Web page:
The latest announcements regarding the huge rate increases for individual health insurance products coupled with the reduction of access to products throughout the state, have created a great deal of controversy regarding the future of the individual health market in Minnesota. Legislators on both sides of the aisle are hearing from their constituents regarding the 50 - 67 percent rate increases on tap for 2017. This grumbling will only increase as open enrollment begins next month. How did we get to this?
Not long ago Blue Cross announced that they were dropping 103,000 subscribers and exiting the market for their most popular products due to substantial losses. The Blues will remain in the market only with a very limited network product, Blue Plus HMO. The two major carriers expected to receive the bulk of the former Blues insureds, Medica and Health Partners, are now taking drastic measures as well creating a crisis for some 250,000 Minnesotans who must buy individual insurance.
Medica has announced that they will continue to write individual health insurance however they will cap the number of total enrollees they will accept in 2017, capping enrollments at 50,000. They also announced that they will no longer pay commissions to insurance producers and all new applicants will be required to enroll through MNsure. Renewals will be allowed through agents. They have apparently worked out this arrangement with the Department of Commerce in order to remain in the individual health insurance market.
Another major carrier, Health Partners has announced that they will limit their individual health insurance products to the seven-county metro area and four counties surrounding St. Cloud. Health Partners had previously been writing insurance in 67 counties. They were also given the authority to cap their enrollment.
The Department of Commerce granted the authority to set caps on enrollment to two other insurers, making the Blue Plus HMO the only non-capped product available. The new caps could also mean that five counties in central Minnesota could possibly lose all insurance options. State regulators claim this is unlikely to happen. Yet it seems somewhat dependent when people enroll, where they live and when a health plan meets its caps. The Department of Commerce is encouraging people to sign up as soon as possible once open enrollment starts November 1.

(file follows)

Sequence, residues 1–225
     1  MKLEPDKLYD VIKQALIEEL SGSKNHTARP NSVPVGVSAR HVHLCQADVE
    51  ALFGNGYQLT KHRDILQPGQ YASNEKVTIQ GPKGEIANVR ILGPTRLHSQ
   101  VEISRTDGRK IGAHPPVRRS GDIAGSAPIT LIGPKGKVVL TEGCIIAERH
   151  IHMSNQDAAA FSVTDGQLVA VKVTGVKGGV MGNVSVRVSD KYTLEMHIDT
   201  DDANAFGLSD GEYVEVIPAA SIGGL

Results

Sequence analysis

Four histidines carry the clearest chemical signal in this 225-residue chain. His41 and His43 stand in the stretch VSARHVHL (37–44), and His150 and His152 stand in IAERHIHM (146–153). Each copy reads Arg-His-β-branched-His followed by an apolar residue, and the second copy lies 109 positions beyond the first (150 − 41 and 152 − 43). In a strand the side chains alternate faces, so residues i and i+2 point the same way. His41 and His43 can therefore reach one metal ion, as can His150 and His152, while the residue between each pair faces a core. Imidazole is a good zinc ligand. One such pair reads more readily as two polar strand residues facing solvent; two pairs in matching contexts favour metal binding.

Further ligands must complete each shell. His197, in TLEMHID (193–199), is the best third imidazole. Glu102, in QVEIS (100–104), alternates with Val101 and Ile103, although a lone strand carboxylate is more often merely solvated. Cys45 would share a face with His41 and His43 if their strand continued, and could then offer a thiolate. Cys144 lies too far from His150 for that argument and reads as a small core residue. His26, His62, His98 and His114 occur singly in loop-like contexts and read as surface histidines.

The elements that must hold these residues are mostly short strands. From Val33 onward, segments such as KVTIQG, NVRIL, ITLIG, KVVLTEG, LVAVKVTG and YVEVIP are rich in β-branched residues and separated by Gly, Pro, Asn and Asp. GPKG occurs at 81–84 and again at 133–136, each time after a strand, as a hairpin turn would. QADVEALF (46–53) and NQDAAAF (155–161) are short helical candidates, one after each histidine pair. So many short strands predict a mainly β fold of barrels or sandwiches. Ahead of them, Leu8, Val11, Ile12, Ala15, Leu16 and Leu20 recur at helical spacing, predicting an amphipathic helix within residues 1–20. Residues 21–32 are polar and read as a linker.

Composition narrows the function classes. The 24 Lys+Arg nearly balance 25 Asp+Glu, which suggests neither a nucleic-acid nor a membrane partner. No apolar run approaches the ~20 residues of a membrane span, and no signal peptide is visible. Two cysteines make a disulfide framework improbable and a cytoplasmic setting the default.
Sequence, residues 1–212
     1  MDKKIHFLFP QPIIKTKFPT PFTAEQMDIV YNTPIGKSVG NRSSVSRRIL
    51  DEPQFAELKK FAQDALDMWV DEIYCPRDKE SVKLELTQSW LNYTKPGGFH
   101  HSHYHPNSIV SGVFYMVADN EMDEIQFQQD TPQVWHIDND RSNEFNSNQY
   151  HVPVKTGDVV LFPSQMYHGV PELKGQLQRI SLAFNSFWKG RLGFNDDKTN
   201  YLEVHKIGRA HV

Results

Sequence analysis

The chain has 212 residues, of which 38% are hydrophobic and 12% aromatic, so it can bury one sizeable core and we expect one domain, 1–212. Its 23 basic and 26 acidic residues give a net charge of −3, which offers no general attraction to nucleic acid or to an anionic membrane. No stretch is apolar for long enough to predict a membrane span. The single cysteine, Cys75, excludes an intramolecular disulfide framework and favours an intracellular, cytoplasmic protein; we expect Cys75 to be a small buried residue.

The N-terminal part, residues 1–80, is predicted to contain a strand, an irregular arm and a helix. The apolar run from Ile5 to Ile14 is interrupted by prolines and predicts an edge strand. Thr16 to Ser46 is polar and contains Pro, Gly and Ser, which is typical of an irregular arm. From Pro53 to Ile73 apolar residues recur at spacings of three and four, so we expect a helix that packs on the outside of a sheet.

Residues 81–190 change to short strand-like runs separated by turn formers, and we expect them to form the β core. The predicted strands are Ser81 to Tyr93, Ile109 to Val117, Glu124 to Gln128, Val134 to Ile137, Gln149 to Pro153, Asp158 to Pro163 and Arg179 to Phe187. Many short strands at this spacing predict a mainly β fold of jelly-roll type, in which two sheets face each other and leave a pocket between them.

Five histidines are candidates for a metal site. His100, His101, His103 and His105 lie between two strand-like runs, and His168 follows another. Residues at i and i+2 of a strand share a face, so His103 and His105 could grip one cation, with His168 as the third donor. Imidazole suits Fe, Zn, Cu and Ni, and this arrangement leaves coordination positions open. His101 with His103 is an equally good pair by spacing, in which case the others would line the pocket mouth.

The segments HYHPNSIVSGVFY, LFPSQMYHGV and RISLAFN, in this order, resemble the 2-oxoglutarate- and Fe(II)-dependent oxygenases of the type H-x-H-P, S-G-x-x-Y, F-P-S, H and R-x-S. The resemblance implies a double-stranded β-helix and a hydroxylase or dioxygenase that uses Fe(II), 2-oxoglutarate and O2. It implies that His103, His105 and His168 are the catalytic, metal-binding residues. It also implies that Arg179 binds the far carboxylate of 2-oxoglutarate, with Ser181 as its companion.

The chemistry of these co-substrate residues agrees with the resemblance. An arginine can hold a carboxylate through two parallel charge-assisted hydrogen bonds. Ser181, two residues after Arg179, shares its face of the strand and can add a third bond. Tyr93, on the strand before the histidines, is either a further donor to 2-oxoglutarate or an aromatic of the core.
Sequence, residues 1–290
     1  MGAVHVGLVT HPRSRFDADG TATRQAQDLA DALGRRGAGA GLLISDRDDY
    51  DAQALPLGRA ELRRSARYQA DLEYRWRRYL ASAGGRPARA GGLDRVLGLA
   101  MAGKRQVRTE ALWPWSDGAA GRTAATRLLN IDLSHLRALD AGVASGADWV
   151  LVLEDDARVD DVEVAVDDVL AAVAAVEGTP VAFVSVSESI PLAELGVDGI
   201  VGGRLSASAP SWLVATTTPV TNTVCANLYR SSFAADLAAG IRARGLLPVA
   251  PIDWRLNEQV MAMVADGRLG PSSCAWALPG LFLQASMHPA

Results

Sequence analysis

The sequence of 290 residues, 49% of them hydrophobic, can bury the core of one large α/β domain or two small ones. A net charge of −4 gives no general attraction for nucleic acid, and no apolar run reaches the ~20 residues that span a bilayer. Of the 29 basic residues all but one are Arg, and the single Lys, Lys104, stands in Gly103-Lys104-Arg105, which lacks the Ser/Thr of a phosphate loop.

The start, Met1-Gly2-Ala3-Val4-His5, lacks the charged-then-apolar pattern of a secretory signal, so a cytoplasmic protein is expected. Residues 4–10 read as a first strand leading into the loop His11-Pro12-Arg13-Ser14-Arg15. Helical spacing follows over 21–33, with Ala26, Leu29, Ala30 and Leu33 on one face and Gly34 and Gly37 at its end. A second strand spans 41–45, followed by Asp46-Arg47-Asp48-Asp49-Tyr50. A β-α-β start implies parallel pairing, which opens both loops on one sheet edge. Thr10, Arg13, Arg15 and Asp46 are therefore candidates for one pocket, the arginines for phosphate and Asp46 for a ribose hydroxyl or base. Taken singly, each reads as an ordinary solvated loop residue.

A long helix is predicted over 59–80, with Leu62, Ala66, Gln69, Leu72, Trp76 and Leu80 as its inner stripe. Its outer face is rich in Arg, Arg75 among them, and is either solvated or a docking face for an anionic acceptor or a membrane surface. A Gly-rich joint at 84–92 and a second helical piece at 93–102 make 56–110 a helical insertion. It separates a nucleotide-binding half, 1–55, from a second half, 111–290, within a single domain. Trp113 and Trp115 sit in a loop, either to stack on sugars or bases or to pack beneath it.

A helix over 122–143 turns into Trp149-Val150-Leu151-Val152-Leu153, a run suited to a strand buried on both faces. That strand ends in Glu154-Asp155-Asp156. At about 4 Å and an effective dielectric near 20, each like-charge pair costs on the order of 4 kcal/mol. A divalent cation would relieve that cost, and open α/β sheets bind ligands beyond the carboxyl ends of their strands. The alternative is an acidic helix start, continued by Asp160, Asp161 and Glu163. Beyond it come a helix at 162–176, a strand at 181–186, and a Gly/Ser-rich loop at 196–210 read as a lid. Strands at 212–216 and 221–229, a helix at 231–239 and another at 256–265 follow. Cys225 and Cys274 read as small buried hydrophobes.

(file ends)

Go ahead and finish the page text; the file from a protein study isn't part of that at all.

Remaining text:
Yesterday the MNsure Legislative Oversight Committee heard testimony from Commerce Commissioner Mike Rothman regarding these extraordinary measures which he indicated were needed to avoid the collapse of the individual health insurance market. They also heard testimony from MNsure about the preparations for the oncoming onslaught of early enrollments. Insurance agent Dave Wiest testified on behalf of the Agents Coalition for Health Care Reform presenting the concerns of agents and brokers regarding the dire situation many of their customers will face, often now without the benefit of expert advice. The Agents Coalition represents, MAHU, MIIAB and NAIFA on issues of health insurance at the state legislature. The committee plans to have another meeting in the near future to hear from the health plans. That should be an interesting meeting.
Meanwhile, legislative leaders were quick to point to their colleagues on the other side of the aisle who have help create or failed to address this problem. Some legislators are calling for a special legislative session to address the collapse of the individual health insurance market, but candidly it would be exceedingly difficult to get an agreement on a series of fixes to be enacted prior to November 1.
What could be done? Here are a few suggestions I have heard.
- Create a reinsurance mechanism to curb health plan losses and reduce premiums.
- Reduce the MinnesotaCare provider tax by half to lower health care costs.
- Combine the individual and small group markets into a single pool.
- Dump MNsure and go to the federal exchange.
- Cap prescription drug costs by bargaining with drug companies.
- Use the $35 million in leftover MCHA funding to lower premiums.
- Allow persons to receive federal tax credits outside of MNsure.
- Expand the number of persons who qualify for MinnesotaCare by raising the income threshold from 200 percent of federal poverty to 275% or 350% or even 400%.
Perhaps the most viable option at this time is the reinsurance mechanism that would help cover health plan losses. We cannot go back to an MCHA system because of the ACA guaranty issue, but we could allow insurers to cede certain individuals to a state operated risk pool. Of course, we would have to decide how to pay for this risk pool. Initial estimates suggest over $100 million would be needed.
The MIIAB will continue to meet with legislators, regulators, insurance carriers and agent organizations as we go forward in an attempt to save the individual health insurance market in Minnesota. I'm sure you will be hearing more about this in the days and weeks ahead.